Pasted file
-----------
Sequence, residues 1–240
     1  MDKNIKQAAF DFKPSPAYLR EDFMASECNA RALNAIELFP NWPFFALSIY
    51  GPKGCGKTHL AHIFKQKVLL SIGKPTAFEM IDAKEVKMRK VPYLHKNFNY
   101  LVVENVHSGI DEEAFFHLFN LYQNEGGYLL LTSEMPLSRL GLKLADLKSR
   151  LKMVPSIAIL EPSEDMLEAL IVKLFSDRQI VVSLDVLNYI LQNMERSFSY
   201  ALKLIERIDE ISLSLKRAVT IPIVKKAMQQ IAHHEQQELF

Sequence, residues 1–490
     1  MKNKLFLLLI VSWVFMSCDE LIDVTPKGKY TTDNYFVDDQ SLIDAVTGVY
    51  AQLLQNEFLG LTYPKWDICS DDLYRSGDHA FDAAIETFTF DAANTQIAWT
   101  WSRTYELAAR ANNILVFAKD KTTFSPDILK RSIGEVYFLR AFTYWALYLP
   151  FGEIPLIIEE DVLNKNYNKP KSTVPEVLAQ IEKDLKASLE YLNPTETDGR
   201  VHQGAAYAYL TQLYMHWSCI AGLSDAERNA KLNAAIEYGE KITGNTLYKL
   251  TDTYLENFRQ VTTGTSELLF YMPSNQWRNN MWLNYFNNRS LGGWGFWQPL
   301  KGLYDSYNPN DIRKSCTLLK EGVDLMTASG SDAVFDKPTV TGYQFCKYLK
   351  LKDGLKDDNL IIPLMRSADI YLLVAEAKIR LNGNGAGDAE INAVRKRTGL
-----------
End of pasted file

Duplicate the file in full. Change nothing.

Sequence, residues 1–240
     1  MDKNIKQAAF DFKPSPAYLR EDFMASECNA RALNAIELFP NWPFFALSIY
    51  GPKGCGKTHL AHIFKQKVLL SIGKPTAFEM IDAKEVKMRK VPYLHKNFNY
   101  LVVENVHSGI DEEAFFHLFN LYQNEGGYLL LTSEMPLSRL GLKLADLKSR
   151  LKMVPSIAIL EPSEDMLEAL IVKLFSDRQI VVSLDVLNYI LQNMERSFSY
   201  ALKLIERIDE ISLSLKRAVT IPIVKKAMQQ IAHHEQQELF

Sequence, residues 1–490
     1  MKNKLFLLLI VSWVFMSCDE LIDVTPKGKY TTDNYFVDDQ SLIDAVTGVY
    51  AQLLQNEFLG LTYPKWDICS DDLYRSGDHA FDAAIETFTF DAANTQIAWT
   101  WSRTYELAAR ANNILVFAKD KTTFSPDILK RSIGEVYFLR AFTYWALYLP
   151  FGEIPLIIEE DVLNKNYNKP KSTVPEVLAQ IEKDLKASLE YLNPTETDGR
   201  VHQGAAYAYL TQLYMHWSCI AGLSDAERNA KLNAAIEYGE KITGNTLYKL
   251  TDTYLENFRQ VTTGTSELLF YMPSNQWRNN MWLNYFNNRS LGGWGFWQPL
   301  KGLYDSYNPN DIRKSCTLLK EGVDLMTASG SDAVFDKPTV TGYQFCKYLK
   351  LKDGLKDDNL IIPLMRSADI YLLVAEAKIR LNGNGAGDAE INAVRKRTGL